On January 29, Ukraine commemorates the heroes of the Battle of Kruty. The battle took place on Jan. 29, 1918, when a 400 soldiers unit of the Ukrainian forces (300 of them were students) briefly halted the advance of a 4,000 Red Army under Mikhail Muravyov marching towards Kyiv. This was part of the Ukrainian Revolution 1918 when Ukraine was fighting for its existence against Soviets and Royalists. More than half of the Ukrainian soldiers perished in the unequal battle.
The opposing sides: the Bolsheviks and the Ukrainian People’s Republic. The fighting began in mid-December 1917 and after the Fourth Universal of the Ukrainian Central Council (and the actual declaration of independence of the UPR) on January 22, 1918, Ukraine and Bolshevik Russia were de facto at war.
Ukrainian People’s Republic (UPR) hoped for federal relations with Russia - that is, it wanted to gain independence in decision-making. The Bolsheviks were against it. The result was an ultimatum to the Central Council, the implementation of which would essentially be permitted to intervene in internal affairs.
Without waiting for an answer, the Bolsheviks decided to engage the army.
The advance moved into two groups: one along the Kharkiv-Poltava- Kyiv railway, the second in the direction of Kursk-Bakhmach-Kyiv.
The fighting near Bakhmach station went on for several days. After that, the Ukrainian army had to retreat to Kruty station, where the students and cadets fought against the regular Bolshevik army.
Commanders. The UPR forces were headed by former personnel officer of the tsarist army Averkiy Honcharenko. During the Second World War, he joined the SS division “Galicia” and fought against the USSR. After that, he emigrated and lived the rest of his life in the USA.
Organizer of the massacres in Kyiv Mikhail Muravyov headed the Bolshevik army.
28 students were re-buried at Askold's Grave in the center of Kyiv after the return of the Tsentralna Rada (Ukrainian government at the time) to the capital in March 1918. At the funeral, the then President of the Ukrainian People's Republic, Mykhailo Hrushevsky, called every one of the 400 students who fought in the battle, heroes.
Battle of Kruty
The battle lasted five hours. The Ukrainians repulsed several attacks of the Bolsheviks. However, other Muravyov’s detachments began to come (in particular, the 1st Petrograd detachment), and the Soviet armored train arrived from the Chernihiv railway gauge and began shelling the defenders from the rear.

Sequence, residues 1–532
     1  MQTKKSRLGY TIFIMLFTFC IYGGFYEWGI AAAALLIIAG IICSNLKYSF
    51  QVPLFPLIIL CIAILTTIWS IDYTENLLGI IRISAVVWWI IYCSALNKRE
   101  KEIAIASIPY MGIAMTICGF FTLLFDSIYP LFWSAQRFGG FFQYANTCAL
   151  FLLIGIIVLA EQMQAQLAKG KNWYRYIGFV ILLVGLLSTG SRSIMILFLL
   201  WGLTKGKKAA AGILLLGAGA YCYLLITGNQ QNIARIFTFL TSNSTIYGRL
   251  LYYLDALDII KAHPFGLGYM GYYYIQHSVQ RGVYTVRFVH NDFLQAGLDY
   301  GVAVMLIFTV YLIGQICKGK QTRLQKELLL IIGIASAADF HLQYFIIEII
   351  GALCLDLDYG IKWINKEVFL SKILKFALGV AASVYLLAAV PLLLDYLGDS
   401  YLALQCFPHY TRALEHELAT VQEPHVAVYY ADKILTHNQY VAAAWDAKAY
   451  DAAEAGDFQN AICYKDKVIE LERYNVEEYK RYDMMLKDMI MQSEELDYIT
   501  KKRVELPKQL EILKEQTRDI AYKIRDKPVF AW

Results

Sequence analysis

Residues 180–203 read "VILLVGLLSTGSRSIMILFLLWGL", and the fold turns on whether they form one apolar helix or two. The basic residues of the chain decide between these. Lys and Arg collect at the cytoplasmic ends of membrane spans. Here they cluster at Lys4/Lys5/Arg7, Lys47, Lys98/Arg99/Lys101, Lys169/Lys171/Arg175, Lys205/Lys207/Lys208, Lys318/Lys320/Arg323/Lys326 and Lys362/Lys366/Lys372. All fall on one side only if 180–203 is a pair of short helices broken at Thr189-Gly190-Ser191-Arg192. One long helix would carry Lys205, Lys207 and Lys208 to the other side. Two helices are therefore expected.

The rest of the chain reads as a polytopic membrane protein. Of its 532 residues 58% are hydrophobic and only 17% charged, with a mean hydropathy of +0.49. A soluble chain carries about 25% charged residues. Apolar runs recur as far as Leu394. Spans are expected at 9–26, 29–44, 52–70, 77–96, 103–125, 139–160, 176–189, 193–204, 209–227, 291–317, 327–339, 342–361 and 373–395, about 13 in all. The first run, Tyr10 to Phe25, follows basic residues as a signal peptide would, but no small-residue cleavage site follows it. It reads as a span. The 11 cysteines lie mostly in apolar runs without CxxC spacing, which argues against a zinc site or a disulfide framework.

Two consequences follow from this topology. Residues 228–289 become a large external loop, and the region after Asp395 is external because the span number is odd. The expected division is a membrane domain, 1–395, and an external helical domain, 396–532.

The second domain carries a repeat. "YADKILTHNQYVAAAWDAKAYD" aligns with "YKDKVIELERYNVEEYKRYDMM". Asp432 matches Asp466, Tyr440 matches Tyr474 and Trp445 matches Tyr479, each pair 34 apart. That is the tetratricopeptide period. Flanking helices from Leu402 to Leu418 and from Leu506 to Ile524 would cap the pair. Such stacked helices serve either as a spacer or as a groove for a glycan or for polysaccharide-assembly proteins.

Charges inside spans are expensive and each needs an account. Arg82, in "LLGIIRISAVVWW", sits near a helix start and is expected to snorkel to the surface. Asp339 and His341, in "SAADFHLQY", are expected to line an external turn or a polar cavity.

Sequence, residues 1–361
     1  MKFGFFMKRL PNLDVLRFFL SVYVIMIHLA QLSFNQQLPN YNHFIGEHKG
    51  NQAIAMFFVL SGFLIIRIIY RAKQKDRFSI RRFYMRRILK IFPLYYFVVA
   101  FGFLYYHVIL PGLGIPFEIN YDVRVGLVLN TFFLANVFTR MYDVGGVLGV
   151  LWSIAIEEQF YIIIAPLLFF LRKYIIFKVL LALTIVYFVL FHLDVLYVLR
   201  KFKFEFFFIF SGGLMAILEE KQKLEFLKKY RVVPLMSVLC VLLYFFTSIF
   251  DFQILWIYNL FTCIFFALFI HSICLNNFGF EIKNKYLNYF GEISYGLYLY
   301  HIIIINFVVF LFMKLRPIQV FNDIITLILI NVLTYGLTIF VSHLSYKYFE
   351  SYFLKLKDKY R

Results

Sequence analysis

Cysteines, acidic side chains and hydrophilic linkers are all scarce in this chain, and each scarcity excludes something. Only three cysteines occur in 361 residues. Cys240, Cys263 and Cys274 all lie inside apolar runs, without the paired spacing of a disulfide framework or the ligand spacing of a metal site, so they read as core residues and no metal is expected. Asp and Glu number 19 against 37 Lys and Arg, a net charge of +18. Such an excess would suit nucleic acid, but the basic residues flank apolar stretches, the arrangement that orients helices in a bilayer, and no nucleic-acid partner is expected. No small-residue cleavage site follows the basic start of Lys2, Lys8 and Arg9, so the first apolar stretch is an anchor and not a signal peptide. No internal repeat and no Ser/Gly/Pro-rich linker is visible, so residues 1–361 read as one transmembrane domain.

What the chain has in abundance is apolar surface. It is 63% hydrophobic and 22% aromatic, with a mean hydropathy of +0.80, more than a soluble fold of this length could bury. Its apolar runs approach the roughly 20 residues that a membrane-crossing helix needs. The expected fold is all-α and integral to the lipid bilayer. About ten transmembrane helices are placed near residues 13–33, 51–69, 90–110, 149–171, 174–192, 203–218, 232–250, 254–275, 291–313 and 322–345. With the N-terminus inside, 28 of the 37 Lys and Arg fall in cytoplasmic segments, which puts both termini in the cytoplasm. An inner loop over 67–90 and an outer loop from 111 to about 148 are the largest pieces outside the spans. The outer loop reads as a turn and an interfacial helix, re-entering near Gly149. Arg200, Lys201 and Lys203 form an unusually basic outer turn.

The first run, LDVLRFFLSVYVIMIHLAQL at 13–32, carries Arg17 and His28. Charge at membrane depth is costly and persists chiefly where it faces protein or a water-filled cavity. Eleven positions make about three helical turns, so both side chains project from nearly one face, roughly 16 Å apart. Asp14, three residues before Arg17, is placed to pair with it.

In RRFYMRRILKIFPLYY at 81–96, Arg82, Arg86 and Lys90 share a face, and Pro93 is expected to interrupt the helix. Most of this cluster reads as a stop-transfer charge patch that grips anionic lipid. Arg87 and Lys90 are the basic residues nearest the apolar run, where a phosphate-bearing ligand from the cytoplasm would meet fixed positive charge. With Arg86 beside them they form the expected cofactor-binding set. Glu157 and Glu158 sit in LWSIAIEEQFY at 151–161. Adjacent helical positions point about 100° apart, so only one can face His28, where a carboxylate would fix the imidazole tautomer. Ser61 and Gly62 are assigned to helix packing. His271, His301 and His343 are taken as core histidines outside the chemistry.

When the hostilities began to subside, the Ukrainian command received a telegram from Nizhyn, which said that Taras Shevchenko kuren located there declared support for the Soviet government. After that, the students were ordered to retreat to the train, which stood on the other side of Kruty station in direction of Kyiv. Most fighters managed to retreat on the train that was waiting for them. However, it turned out that 30 young men were captured in the turmoil.
The red commander Yegor Popov, enraged by the significant losses from the Soviet troops (about 300 people), ordered the liquidation of the prisoners. It is reported that the captured students were first tortured and then shot dead. A student of the 7th grade Hryhory Pipsky began to sing Ukrainian anthem and the rest of the students picked up the song.
After the execution, the locals were forbidden for some time to bury the bodies. Later, the victims were solemnly reburied at the Askold grave in Kyiv.
At the cost of their lives, students and cadets delayed the advance of the enemy for 4 days. This made it possible to suppress the rebellion of the Bolsheviks in Kyiv, to prevent the enemy from seizing the Ukrainian capital at one go, and to sign a peace treaty with Germany and its allies in time (Brest-Litovsk Treaty), which stopped the seizure of Ukraine by the Bolsheviks. This battle is compared to the battle that occurred a century later in Donbas, - the defense of Donetsk airport.
In Soviet times, the events near Kruty were either hushed up or overgrown with myths and guesses. These are mainly accusations against the Central Council and the Ukrainian military command, which allowed the death of cadets and students. At the same time, the Ukrainian poet Pavlo Tychyna dedicated his poem “In Memory of Thirty” to the heroic act of students.
In 2006, Kruty Heroes Memorial was opened at Kruty station. The main element of the structure is a 10-meter red column - a copy of the columns of the facade of the red building of Taras Shevchenko Kyiv National University, where the majority of the immortalized student heroes came from. A railway station with a steam locomotive and wagons were recreated near the memorial, in which an exposition dedicated to the struggle for the independence of Ukraine in 1917-1919 was opened. The memorial complex also has a chapel. A small lake in the shape of a cross was made near the memorial.
On the occasion of the 80th anniversary of the events near Kruty, the National Bank of Ukraine issued a jubilee one hryvnia coin.
Also, people’s veche and reconstruction of the battle near Kruty are held.